I was trying to think of an analogy all night: Seeing Negativland at the Highline Ballroom is like...? Like what, dammit? Basically, I need something that gets at the incongruity of it, the inherent contradiction.
If you're not familiar with Negativland, I'll do my best to sum them up. They've been around since at least the '80s and they're from the Bay Area. And their medium is sound, but they're not really a band per se. Basically what they do is sonic collage--they layer music, speech samples, sound effects and other stuff together, often manipulating the source sounds via repetition or splicing or what have you.
More important than their method, though, is their politics. They've got a few pet issues, one of the main ones being their disdain for copyright law. That's probably an oversimplification, but they were famously sued by U2 a while back for using a snippet of "I Still Haven't Found What I'm Looking For" in one of their pieces. (Check out their webpage for a bunch of fascinating documents related to that scenario.) They also engage in a bunch of other lefty-type commentary that's topically predictable but formally awesome.
Anyway, if I haven't already conveyed this notion, the band is pretty much built around the idea of subversiveness, of magnifying all sorts of cultural hypocrisy and absurdity in the name of reason, humor, enlightenment, etc. So it was really weird to find them putting on a show at the Highline, which is essentially this sterile, wanna-be fashionable megaclub, complete with ungodly drink minimums and oppressive air conditioning.
So this show--"It's All in Your Head"--was basically a live version of the Negativland radio show "Over the Edge." Three of the dudes in the collective were onstage fiddling around with electronic gadgets, voicing certain roles and creating this two-hour-plus sound expedition dealing with the absurdities of various religious beliefs. But even though the "band" was illuminated and elevated in front of the crowd, you weren't really supposed to be watching them. Blindfolds were even passed out. In short, it was designed as a totally aural thing.
Anyway, I've gotta get focused here. Overall I thought the show was very cool--maybe a little overlong and overly blatant at some points, but extremely unique and thought-provoking. One thing that was kind of crazy: During the first half of the show, there was one dude in the audience to the right of the stage who was clapping loudly and inappropriately. After a while it became just plain annoying and it was obvious that he was intentionally disrupting things; I thought at one point that he might have actually been part of the show, but then I noticed the band members glaring out into the crowd. He was a heckler, all right.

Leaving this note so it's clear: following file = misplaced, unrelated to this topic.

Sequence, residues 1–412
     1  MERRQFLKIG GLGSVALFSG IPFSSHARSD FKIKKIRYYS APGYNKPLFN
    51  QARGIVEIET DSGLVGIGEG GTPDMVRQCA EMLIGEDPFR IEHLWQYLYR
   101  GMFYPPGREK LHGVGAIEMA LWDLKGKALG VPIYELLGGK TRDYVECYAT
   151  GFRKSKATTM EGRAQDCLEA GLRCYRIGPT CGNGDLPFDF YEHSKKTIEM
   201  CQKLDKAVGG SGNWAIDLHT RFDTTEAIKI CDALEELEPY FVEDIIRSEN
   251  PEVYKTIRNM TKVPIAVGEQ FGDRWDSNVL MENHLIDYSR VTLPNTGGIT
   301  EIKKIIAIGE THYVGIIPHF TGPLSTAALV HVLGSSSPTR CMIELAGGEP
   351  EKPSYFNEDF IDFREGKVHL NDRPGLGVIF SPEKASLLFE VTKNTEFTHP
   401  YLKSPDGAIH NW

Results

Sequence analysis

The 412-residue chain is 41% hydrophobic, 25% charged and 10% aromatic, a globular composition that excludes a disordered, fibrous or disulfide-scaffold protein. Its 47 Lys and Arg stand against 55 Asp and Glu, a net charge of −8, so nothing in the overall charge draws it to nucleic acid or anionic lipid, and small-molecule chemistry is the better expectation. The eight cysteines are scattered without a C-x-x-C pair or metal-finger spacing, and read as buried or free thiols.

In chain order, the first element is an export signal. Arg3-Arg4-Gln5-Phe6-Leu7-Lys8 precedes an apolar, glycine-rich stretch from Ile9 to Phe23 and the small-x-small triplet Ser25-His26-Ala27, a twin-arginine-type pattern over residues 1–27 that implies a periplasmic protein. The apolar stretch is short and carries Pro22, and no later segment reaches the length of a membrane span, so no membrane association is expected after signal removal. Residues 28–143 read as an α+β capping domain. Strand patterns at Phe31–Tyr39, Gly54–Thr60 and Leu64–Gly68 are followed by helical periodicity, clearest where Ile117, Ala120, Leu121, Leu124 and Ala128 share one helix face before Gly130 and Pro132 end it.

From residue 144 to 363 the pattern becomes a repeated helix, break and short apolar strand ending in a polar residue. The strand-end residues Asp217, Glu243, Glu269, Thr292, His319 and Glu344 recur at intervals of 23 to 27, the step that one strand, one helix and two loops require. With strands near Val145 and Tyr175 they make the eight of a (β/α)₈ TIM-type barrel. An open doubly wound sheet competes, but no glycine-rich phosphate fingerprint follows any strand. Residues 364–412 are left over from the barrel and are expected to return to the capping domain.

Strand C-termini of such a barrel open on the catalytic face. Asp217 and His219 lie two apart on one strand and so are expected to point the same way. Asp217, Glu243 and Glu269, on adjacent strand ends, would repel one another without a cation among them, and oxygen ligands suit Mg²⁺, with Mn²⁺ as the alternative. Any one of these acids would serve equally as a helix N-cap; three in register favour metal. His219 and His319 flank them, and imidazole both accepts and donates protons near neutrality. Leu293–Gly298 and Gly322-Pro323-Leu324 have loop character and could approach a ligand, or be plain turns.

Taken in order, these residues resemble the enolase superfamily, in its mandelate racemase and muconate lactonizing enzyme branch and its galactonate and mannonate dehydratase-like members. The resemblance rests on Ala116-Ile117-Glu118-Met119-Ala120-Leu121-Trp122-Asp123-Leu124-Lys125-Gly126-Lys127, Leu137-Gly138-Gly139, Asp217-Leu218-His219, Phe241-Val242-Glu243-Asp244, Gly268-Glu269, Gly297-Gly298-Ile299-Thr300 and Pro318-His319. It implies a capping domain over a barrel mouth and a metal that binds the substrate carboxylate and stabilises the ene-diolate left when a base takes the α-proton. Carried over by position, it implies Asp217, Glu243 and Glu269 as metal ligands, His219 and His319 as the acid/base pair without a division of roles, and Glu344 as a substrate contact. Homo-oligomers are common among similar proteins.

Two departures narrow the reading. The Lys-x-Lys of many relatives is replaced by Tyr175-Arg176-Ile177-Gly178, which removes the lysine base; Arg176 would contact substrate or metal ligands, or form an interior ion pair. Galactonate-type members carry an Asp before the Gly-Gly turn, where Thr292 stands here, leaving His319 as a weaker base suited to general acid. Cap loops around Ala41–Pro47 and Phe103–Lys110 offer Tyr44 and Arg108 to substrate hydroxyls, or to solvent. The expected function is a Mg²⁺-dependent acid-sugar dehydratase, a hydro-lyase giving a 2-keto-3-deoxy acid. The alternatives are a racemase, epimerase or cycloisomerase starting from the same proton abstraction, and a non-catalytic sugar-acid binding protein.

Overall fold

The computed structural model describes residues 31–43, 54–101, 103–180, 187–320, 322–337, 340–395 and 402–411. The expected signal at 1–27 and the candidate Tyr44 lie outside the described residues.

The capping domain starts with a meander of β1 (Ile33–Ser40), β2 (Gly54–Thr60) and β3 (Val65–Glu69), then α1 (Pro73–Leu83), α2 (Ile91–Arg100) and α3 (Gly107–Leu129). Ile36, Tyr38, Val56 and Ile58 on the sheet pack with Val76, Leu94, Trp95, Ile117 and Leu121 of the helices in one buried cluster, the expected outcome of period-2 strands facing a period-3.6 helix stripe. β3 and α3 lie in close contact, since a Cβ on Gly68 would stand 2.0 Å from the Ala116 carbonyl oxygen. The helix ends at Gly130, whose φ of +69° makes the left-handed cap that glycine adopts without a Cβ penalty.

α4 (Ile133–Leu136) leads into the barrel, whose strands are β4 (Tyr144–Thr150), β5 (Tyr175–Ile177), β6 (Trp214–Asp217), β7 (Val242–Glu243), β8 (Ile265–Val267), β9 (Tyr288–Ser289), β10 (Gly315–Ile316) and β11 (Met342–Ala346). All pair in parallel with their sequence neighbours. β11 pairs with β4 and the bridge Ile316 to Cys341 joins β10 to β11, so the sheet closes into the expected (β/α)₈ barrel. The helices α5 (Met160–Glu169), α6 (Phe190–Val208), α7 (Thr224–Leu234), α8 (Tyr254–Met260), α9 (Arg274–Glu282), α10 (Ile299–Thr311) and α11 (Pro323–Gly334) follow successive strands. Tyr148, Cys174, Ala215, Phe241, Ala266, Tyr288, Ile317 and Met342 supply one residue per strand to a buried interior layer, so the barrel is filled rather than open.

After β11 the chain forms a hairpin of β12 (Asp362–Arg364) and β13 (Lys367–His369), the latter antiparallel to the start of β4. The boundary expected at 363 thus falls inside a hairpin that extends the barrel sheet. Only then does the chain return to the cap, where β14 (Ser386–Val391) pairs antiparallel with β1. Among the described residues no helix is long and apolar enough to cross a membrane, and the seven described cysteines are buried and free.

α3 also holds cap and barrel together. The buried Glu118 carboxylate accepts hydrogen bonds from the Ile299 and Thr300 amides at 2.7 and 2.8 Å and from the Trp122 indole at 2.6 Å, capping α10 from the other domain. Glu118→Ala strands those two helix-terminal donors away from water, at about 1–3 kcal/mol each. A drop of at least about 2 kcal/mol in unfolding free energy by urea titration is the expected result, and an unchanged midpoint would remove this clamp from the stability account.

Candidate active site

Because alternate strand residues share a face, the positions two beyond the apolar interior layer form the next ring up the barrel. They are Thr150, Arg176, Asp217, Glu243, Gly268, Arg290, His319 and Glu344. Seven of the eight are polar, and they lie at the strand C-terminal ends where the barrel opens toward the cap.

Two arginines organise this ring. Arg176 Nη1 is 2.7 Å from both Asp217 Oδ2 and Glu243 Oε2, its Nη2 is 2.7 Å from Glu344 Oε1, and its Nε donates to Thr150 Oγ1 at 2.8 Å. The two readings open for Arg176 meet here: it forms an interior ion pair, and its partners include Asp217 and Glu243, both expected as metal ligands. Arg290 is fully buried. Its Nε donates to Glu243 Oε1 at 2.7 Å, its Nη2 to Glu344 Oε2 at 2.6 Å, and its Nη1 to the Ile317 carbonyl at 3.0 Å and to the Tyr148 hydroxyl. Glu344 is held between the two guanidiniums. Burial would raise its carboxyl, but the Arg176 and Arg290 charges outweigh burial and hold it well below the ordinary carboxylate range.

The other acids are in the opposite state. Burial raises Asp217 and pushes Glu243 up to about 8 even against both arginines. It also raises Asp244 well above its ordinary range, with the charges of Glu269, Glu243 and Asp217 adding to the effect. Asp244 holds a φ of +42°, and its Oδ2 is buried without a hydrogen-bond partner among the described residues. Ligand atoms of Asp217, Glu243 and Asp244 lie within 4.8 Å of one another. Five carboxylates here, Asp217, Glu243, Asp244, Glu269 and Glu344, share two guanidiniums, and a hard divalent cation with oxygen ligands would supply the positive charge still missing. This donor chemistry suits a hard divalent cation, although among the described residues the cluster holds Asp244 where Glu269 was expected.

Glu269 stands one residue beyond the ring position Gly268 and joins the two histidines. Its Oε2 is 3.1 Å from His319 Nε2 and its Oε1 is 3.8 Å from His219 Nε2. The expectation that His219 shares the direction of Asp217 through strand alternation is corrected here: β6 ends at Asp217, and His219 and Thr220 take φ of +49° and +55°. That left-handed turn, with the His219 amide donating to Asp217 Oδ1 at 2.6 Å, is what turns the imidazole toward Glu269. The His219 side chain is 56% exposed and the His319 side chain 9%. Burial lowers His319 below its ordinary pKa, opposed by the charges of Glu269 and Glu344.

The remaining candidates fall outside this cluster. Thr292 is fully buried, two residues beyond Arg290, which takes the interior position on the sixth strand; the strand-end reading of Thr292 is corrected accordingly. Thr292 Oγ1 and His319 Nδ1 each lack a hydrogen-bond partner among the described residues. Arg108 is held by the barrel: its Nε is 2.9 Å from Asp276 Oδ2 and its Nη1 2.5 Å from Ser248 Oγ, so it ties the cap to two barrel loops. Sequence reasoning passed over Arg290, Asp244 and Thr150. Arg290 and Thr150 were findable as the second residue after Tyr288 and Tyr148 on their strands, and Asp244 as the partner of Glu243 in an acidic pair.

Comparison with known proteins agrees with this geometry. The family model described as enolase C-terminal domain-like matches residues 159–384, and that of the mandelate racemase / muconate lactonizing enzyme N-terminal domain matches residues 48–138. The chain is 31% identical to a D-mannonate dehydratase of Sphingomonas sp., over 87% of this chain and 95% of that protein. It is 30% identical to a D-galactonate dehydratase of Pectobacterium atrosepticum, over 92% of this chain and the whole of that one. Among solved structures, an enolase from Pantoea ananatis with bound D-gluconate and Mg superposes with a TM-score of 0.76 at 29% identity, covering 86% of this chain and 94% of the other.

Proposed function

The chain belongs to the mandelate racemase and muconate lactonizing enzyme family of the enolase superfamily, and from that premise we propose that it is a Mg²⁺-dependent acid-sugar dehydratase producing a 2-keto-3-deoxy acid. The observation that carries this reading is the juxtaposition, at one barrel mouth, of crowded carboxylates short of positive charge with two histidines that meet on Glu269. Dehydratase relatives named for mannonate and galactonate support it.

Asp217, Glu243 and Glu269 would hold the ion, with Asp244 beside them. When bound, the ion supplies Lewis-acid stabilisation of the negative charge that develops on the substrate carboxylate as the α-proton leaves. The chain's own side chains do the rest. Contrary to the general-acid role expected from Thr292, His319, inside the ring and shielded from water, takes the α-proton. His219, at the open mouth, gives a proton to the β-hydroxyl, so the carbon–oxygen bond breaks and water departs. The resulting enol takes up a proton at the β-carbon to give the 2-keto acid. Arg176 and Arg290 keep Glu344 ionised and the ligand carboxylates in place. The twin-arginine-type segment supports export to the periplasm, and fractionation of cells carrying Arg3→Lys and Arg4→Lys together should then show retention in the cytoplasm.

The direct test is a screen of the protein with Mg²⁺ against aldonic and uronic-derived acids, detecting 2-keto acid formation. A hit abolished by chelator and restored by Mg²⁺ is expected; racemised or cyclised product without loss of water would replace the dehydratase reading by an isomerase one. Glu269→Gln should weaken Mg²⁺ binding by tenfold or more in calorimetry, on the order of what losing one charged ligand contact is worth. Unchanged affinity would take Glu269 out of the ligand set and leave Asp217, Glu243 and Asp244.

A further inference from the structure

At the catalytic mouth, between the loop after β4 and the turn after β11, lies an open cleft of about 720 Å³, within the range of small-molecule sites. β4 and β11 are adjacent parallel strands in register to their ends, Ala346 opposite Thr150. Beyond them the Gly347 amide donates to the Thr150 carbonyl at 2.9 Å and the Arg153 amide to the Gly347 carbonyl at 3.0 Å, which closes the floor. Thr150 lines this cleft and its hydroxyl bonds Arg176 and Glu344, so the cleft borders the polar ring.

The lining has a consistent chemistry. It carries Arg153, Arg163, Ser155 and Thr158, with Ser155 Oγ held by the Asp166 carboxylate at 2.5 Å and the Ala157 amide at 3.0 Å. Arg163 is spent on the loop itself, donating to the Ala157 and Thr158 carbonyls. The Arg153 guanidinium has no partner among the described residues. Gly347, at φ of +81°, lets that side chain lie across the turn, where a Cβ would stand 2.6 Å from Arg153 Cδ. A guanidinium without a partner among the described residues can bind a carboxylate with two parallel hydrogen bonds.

Now this is not the kind of show you expect to find a heckler at. What I mean is that--as my colleague Mike Wolf mentioned in his insightful interview with the band in last week's Time Out New York--Negativland is the kind of group that routinely preaches to the converted. In other words, it is very likely that not a single person in attendance at tonight's polemic against God-belief actually believed in God or was in any way swayed from their lefty, atheistic, intellectual stance. So it was just sort of weird to see Negativland getting their feathers ruffled at this one disruptive dude when basically in 99% of imaginable cultural scenarios (i.e., most events that aren't Negativland shows), they're the ones doing the feather-ruffling. Not that the heckler was anything other than an out-of-it drunk dude, but still...
As for the content of the show itself, it was hard to concentrate during the first of the two acts b/c of the heckler and the commotion he created. There were a bunch of excerpts of people denouncing God-belief on an empirical basis, some funny skits, such as an aural depiction of an ape getting shaved, and various refrains, including someone screaming, "There is no God!!!!"
The heckler was removed at intermission and thus I could home in a lot better in the second half. Things definitely got heavier. My attention was wavering, but I snapped back into focus as soon as the collage made its way to a section dealing with 9/11. Various commentators were discussing how some of the victims were seen jumping from the towers holding hands; the voices discussed the power of that image: co-workers, or maybe even strangers, choosing to die together, to bond together in their last moments. It seemed to me that Negativland was using it as a kind of profound atheistic statement, i.e., as they were about to die, people were relying on each other rather than appealing to God.
Many of the voices talked about man's need to tell stories about the afterlife to allay the fear of death. One section dealt with suicide bombers and how there's basically no way a person could commit that act unless they felt they were going to a better place. Various afterlives were discussed--Hades, Valhalla, etc.--and all were deemed equally fantastical.
Again, though, it's unlikely anyone in that room was sitting there believing in paradise and having their religious foundation shaken. But the commentary did hit pretty hard and did do an amazing job--via its incorporation of all the major religions--of cataloging the dangers of religious fervor.
It was a surreal experience overall. Highline was designed to showcase a Hot New Band, which Negativland most certainly is not. I guess hearing Negativland deliver an antireligion shpiel at Highline was kind of like...well, it was kind of like hearing them deliver it in church.